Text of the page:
The High Cotton

infusing life with Southern food, hospitality, and fun

Category: Food

Mushroom and Ricotta Bruschetta

I’ve had this post on my to-do list all week, but it’s been so busy at work that I’m just now sitting down to do it!  Tom and I are on “staycation” for the Memorial Day weekend starting today and I couldn’t be more excited.  It’s Commissioning Week for the Naval Academy, so we basically have to shelter in place due to all the graduation-related events, parking, and traffic.  Downtown Annapolis isn’t the worst place to be “confined” for a weekend, though!

The Academy really puts on a nice schedule for all the seniors and their families during Commissioning Week.  They’ve already had Ring Dance (kind of like prom), a fancy party at the Superintendent’s home (Vice Admiral Miller), and the Blue Angels did an air show over the Severn River yesterday.  I missed that because I was at work.  Womp womp.  But Tom went and said it was awesome.  Here’s a picture he took from the deck of the restaurant where he and our friends watched the show:


Flying that close together seems ill-advised.

I plan to do a lot of cooking this weekend while I have the time.  I’m sure Tom will get in on the action, too, with some grilling and cocktail mixing.  Can’t wait.

Last weekend, we made the long journey over to Eastport (just across Spa Creek, ha!), for a lovely dinner at our friends’ house.  I was assigned the appetizer, which is my favorite, and brought a mushroom bruschetta that I’ve been making lately.  I had an inferior version of this at a restaurant in DC, and as soon as I tasted it, I knew I could make a better one.  So here it is for y’all to enjoy.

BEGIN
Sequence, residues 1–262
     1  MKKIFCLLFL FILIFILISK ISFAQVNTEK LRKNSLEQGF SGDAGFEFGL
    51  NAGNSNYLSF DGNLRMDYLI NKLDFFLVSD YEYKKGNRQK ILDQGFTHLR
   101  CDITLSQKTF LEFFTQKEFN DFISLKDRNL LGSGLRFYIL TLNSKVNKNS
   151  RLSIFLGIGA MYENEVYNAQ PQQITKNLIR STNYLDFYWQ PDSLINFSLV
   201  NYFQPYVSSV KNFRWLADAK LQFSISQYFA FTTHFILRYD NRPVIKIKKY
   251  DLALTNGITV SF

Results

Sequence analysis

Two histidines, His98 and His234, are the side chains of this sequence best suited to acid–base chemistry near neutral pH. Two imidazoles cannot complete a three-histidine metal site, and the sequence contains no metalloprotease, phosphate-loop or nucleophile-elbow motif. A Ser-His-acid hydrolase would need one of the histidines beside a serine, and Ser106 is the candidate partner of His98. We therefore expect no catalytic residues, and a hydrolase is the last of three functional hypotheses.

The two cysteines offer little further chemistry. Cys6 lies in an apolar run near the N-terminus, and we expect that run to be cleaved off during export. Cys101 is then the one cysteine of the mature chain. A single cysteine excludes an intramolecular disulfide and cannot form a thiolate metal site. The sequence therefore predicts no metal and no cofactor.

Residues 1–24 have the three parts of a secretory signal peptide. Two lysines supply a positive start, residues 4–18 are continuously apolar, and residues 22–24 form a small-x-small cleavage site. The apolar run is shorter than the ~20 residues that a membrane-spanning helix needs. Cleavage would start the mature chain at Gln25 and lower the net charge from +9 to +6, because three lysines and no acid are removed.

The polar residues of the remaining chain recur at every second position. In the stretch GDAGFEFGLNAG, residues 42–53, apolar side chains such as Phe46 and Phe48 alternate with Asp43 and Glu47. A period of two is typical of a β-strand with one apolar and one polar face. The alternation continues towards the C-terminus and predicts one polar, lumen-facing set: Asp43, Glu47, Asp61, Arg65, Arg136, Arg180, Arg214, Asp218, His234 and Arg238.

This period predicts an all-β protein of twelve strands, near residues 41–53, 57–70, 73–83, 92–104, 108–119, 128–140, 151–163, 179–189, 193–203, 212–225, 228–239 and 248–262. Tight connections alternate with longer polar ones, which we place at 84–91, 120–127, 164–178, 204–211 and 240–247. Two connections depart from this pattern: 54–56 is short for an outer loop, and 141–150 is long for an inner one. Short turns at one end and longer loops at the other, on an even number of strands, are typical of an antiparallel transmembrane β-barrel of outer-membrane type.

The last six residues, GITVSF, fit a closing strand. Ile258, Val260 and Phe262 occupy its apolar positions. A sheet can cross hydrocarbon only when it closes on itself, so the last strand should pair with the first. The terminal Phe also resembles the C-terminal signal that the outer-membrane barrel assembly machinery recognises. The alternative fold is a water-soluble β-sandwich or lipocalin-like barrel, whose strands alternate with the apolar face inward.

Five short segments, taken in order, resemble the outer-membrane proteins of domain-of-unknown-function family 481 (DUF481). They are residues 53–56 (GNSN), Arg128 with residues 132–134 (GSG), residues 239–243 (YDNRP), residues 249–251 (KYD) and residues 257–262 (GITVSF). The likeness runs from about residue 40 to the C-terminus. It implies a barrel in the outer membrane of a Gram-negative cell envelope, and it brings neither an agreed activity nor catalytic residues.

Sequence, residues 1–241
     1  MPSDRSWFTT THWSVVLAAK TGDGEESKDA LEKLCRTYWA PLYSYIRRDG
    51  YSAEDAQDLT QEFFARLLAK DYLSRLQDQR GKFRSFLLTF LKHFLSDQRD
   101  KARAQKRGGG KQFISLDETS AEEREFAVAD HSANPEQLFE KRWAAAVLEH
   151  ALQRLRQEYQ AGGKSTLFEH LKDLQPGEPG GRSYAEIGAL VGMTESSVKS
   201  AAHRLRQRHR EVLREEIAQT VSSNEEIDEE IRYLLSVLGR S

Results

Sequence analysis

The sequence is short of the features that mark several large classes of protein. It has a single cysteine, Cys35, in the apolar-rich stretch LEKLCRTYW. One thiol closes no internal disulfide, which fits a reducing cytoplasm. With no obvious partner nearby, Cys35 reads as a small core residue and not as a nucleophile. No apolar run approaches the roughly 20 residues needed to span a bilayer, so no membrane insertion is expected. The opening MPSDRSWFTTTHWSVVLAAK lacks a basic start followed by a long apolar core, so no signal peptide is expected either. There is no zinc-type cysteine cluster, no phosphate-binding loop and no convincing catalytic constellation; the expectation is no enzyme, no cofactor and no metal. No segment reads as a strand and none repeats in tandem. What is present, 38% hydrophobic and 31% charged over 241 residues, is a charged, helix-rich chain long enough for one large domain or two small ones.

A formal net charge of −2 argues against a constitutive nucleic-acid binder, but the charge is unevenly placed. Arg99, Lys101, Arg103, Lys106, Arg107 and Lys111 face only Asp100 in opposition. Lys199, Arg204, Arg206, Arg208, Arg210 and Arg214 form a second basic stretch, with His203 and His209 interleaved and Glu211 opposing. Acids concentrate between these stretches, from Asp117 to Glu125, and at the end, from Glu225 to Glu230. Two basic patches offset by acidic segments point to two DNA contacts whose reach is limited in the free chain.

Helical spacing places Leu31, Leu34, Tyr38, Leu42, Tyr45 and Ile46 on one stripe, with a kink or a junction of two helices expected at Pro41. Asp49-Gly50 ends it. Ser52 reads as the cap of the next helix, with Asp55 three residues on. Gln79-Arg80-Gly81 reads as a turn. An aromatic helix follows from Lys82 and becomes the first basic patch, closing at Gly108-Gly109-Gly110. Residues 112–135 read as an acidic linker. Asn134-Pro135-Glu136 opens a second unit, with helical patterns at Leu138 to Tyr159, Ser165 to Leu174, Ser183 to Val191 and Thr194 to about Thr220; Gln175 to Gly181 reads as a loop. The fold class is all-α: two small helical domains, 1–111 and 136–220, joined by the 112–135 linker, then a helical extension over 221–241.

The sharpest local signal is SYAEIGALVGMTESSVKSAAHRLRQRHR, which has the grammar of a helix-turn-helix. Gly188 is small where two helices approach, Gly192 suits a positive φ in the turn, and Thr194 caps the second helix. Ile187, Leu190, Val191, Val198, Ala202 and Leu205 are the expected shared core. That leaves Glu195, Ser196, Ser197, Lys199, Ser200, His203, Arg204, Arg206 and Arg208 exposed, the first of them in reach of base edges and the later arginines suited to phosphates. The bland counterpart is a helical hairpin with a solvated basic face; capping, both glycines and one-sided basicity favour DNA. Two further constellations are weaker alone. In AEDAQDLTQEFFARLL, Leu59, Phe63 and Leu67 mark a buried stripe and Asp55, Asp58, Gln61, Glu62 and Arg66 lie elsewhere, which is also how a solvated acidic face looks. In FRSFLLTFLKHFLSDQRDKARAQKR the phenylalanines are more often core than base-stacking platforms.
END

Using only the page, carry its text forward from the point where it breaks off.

Mushroom Ricotta Bruschetta

1 baguette, sliced

1 container of ricotta (either skim or whole milk)

1-2 T heavy cream (optional)

1 lemon

20 oz mushrooms, sliced

1/4 c. balsamic vinegar

1 T chopped thyme

salt and pepper

Start by liberally brushing the baguette slices with olive oil.  Add salt and pepper to each slice, and broil for a few minutes until golden brown.  Flip each slice and repeat.  Meanwhile, begin sautéing the mushrooms in some olive oil.  Add salt and pepper to taste, and cook until a nice brown color.  They give off a lot of liquid at first, but then, like magic, they start to caramelize.


 While the mushrooms are cooking, put the ricotta in a small mixing bowl, add salt and pepper to taste.


Add the zest and juice of one lemon to the ricotta.  Mix well until smooth and creamy.  I use a fork to get an even smoother texture.  If your ricotta is on the stiff side, you can add a little bit of heavy cream here.  It won’t surprise anyone to learn that I always add the cream.  Set the mixture aside while you finish the mushrooms.


Once the mushrooms are as brown as you’d like, add 1/4 cup balsamic vinegar to the pan.  Don’t use the good stuff here.  I use the plain old Trader Joe’s brand.


The balsamic will reduce and make a delicious glaze for the mushrooms.  Don’t let it get too dry, though, because you’ll actually end up with candied mushrooms.  I mean, those are great, but not exactly what you want for this recipe.  The vinegar gets sweet, and doesn’t taste vinegar-y at all on the finished product.   It’s tangy, but not sharp.  When the balsamic has done it’s thing, add some fresh thyme to the mushroom mixture and taste for seasoning.